Yes, moving to the Cloud is not just a walk in the park. Especially if you consider moving the entire infrastructure or core solutions.

That is why we always recommend a step by step approach. While we try to give our customers a longer-term vision, we begin with a simple pilot project which brings immediate results. So, we do talk about cost savings in a 3-5 year period, but we start with a project which is cost effective in a few months, is sustainable from the budget perspective, and does not present enormous risks. Scenarios to start with can be many, but we have seen these most of the time:

  • Dev/Test: create Dev, Test, Staging etc. environments where the software development process becomes much more efficient and you see an immediate cost benefit.
  • Backup and Disaster Recovery: have backups of the most sensitive data in the Cloud, or even create a secondary site (active or not) in the Cloud, which could be turned on in case of a disaster in your primary infrastructure. I encourage you to read my article on Disaster Recovery.
  • Lift and shift: without benefiting from all the possible services in the Cloud, we take a workload from on premises and we move it to the Cloud as close to 1:1 as possible. This is a low risk, fast, sub optimal move to the Cloud.
  • Analytics on existing data: you already have data being collected from different sources, but for some reason (cost, complexity, etc.) you are not performing enough analytics on it.

After the successful project, you get a few benefits: there is an early win, your team gets some Cloud specific know-how, and you can further build on it.

Fallacy 3: The Cloud is not secure

Actually, one might be thinking about two different aspects: Data Privacy and Security.

Most of the relevant Cloud providers are doing a good job aligning to the data protection legislation in EU. Microsoft is the case I know best, and they have become a certification machine. A lot of technical details here. On top of this, Microsoft is the single Cloud provider who offers regions (groups of data-centers) located in EU and which are operated by local companies (more exactly in UK, Germany and France). (I only consider AWS and Google alongside Microsoft as real competitors in the Cloud today – I know I might upset some people, but IBM, Oracle and others are kind of niche players or very small compared to the other 3).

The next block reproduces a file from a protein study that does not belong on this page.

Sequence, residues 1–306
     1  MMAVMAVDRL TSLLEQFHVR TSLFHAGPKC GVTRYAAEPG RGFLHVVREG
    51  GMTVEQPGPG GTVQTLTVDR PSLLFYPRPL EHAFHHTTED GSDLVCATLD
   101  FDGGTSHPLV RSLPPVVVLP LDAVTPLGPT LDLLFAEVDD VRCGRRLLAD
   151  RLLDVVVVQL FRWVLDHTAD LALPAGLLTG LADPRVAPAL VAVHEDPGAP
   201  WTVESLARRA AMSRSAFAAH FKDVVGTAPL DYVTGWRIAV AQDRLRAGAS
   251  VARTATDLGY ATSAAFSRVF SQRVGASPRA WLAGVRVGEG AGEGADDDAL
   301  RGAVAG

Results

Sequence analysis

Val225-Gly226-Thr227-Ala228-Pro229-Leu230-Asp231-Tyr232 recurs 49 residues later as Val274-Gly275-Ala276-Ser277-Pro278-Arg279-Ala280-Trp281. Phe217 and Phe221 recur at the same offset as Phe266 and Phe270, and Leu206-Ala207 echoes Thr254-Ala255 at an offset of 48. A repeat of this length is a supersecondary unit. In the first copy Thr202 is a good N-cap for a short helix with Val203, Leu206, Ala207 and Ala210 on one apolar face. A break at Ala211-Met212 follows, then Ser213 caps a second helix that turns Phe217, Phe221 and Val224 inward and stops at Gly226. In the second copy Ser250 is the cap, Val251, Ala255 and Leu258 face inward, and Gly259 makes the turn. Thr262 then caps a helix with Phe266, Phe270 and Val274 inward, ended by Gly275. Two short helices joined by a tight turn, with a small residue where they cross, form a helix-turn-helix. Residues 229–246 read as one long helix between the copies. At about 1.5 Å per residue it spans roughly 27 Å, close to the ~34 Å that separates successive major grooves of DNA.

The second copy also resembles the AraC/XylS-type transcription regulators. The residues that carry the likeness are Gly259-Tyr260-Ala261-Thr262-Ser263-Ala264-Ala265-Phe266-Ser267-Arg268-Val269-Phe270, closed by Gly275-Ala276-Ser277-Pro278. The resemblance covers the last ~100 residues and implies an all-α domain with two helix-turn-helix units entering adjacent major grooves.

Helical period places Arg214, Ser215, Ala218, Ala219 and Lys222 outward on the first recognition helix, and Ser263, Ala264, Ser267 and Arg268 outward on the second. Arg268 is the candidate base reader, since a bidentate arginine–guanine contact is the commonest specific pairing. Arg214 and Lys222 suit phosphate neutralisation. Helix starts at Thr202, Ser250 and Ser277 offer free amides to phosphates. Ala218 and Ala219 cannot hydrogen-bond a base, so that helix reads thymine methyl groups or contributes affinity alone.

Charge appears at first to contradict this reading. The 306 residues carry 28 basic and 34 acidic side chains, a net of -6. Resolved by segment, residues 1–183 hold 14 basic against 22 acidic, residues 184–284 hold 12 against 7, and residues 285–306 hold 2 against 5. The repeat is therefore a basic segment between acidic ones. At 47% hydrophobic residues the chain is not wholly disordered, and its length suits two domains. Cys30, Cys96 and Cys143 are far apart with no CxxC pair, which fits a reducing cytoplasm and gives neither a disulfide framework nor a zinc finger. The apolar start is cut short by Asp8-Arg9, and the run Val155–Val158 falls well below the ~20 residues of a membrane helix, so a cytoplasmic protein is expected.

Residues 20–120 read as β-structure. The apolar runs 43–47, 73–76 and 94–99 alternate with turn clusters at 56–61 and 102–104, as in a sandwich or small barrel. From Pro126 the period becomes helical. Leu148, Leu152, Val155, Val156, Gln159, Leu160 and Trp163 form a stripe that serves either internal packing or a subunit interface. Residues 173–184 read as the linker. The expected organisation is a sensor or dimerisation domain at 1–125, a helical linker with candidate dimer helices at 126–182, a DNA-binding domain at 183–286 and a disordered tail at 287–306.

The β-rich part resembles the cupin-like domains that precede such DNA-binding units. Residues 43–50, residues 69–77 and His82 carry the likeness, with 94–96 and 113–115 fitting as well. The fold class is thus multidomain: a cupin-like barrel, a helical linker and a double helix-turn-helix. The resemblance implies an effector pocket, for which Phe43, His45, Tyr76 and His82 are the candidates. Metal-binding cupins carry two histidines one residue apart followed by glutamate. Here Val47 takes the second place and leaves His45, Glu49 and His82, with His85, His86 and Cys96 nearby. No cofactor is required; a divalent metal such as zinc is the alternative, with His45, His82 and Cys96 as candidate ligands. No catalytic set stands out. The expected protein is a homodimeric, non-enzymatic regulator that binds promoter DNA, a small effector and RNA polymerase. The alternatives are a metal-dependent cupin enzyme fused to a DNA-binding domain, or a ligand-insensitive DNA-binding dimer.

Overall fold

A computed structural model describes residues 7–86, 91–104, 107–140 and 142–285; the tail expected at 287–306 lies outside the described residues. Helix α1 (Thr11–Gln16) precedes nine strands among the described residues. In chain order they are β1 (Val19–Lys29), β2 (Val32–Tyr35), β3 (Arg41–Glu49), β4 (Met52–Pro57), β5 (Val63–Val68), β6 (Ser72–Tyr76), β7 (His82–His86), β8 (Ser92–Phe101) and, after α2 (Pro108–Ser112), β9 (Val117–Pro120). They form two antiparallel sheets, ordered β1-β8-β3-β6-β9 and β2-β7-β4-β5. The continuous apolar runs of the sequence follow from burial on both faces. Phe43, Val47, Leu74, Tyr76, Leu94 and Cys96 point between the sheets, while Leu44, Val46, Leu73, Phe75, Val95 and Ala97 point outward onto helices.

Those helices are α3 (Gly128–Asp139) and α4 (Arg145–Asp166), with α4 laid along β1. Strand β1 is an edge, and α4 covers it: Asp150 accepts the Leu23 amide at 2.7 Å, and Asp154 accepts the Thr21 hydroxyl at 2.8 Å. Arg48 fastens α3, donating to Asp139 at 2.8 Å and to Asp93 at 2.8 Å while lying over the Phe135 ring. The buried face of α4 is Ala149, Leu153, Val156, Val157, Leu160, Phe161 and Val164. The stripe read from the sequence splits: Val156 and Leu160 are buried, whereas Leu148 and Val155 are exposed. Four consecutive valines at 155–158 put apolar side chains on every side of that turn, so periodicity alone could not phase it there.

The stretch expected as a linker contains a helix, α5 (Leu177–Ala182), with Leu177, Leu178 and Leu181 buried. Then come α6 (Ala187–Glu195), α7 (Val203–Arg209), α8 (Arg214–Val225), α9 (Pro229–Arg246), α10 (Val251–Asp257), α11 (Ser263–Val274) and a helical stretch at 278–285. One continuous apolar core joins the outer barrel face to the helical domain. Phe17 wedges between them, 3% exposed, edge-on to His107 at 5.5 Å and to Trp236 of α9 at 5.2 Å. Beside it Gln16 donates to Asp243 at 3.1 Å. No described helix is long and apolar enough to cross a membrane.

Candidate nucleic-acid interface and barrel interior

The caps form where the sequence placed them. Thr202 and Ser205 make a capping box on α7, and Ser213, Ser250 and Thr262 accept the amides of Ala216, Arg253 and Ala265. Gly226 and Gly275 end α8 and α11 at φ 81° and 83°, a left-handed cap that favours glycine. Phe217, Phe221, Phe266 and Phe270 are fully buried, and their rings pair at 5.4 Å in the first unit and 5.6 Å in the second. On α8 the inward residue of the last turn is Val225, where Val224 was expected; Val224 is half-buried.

As per security, we must consider the fact that a Cloud provider is facing millions of attacks per day. They are facing them, and are learning from them as well. Think about it this way: any new type of attack is analyzed (using Machine Learning) and all customers of that Cloud providers benefit from these findings. As opposed to you staying on your island where you get no specific protection for sophisticated attacks. This is why the actual way to see things should be: “I need to go to the Cloud because of security”. More information about how Microsoft is acting on security here.

Conclusion

The Cloud is here, and you should think about using it because of the huge benefits it could bring. Yes, it is not an easy path migrating to the Cloud, but it has been done by many, there is a lot of expertise on how to do it, and you can take it step by step.

About the author

Mihai Tataran
Mihai Tătăran is the General Manager of Avaelgo, and a Microsoft MVP on Microsoft Azure, Microsoft Azure Insider, and Microsoft Certified Professional. Mihai has been teaching Microsoft technologies courses to software companies in Romania and abroad, being invited by Microsoft Romania to deliver many such trainings for their customers.
Creating a Culture of Business Continuity

Creating a Culture of Business Continuity